The present cast is also one of the rare bronzes among his oeuvre that was actually cast in Paris not long after he created the original plaster. As a Russian immigrant who was just making his way in the Parisian art world, Lipchitz could not afford to pay the foundry fees in his early career. On occassion, however, he convinced the Valsuani foundry to cast a small number of his most impressive works with the promise of payment at a later date. Only one or two bronze examples were cast from these plasters, and the rest of the edition was cast after he immigrated to the United States in the 1940s. According to Alan G. Wilkinson, those bronzes cast in Paris are often dated and usually not numbered, as is the case of the present work. When the edition of Le Marin à la guitare was completed in New York at the Modern Art Foundry, the remainder of the bronzes were numbered as part of an edition of 7.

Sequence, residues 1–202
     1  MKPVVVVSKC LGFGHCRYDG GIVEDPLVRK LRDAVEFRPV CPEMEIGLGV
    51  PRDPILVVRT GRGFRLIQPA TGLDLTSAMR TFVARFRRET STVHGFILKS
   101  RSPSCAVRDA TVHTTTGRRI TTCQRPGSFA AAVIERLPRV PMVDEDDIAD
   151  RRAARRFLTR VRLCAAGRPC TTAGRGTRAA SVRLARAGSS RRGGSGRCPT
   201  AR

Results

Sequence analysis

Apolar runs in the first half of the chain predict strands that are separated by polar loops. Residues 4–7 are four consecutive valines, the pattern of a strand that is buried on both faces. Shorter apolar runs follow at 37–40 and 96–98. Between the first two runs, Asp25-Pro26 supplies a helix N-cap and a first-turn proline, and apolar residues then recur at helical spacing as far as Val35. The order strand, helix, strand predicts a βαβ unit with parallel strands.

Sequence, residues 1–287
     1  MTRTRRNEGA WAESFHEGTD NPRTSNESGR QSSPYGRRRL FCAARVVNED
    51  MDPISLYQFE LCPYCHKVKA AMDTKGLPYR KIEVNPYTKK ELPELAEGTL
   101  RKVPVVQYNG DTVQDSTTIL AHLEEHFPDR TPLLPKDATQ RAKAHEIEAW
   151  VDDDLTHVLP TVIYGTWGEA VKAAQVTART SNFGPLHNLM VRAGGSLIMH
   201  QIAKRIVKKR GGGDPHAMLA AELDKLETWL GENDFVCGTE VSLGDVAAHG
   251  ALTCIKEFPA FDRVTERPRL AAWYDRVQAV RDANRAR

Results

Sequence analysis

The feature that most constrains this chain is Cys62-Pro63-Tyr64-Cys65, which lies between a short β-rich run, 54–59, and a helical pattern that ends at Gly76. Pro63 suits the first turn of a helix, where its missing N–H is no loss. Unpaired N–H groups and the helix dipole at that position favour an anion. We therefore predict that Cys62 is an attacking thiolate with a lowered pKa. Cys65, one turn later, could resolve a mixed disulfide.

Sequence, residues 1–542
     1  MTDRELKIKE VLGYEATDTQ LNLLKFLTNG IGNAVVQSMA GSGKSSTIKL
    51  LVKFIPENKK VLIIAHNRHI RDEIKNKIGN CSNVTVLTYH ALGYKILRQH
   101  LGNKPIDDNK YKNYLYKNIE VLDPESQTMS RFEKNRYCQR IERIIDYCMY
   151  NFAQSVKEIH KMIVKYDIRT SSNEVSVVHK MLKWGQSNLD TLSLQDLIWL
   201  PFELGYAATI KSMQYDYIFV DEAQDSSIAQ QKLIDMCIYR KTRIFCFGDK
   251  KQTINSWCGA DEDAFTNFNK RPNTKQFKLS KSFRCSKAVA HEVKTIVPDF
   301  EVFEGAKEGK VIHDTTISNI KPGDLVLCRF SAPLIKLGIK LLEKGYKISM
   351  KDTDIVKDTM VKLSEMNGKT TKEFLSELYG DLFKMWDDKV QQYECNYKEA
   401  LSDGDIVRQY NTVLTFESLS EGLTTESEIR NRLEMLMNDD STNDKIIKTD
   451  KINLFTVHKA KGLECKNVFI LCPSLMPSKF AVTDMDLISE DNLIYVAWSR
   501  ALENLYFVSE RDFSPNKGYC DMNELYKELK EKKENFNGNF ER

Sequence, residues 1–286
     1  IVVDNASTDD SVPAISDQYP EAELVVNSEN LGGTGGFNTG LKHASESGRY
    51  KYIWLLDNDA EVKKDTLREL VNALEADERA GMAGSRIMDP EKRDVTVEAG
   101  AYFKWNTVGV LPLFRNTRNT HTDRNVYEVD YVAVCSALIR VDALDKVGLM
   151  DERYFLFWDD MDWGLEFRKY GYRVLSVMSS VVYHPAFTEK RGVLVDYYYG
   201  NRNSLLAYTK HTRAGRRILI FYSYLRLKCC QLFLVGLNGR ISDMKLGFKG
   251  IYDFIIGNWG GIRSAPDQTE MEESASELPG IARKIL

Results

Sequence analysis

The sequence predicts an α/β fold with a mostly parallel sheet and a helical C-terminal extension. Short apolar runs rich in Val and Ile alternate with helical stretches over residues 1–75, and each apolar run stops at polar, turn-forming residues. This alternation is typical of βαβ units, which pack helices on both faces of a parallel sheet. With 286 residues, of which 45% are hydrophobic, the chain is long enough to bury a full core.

Alan G. Wilkinson discussed the present work and its place in the development of Cubism: "Sailor with Guitar marks a radical departure in Lipchitz's working method, in what he called "the final step toward cubism." While he maintained that the sculpture retained a degree of realism, true to the actual appearance of his subject, Lipchitz also recognized the crucial difference in approach from his previous work: "I was finally building up the figure from its abstract forms, not merely simplifying and geometrizing a realistic figure." Or, as he put it another way: "all the elements of the body derive from different cubist shapes." In a tentative, exploratory manner, Lipchitz was moving in the direction of Synthetic Cubism, in which abstract forms were the point of departure, leading to and ultimately suggesting the subject matter. [...] What gives Sailor with Guitar its historical importance in the evolution of Cubist sculpture is the shift from a dependence on starting with perceived reality to the freedom of working from the imagination toward the subject matter" (Alan G. Wilkinson, in Jacques Lipchitz. A Life in Sculpture (exhibition catalogue), Art Gallery of Ontario, Toronto, 1989, p. 68).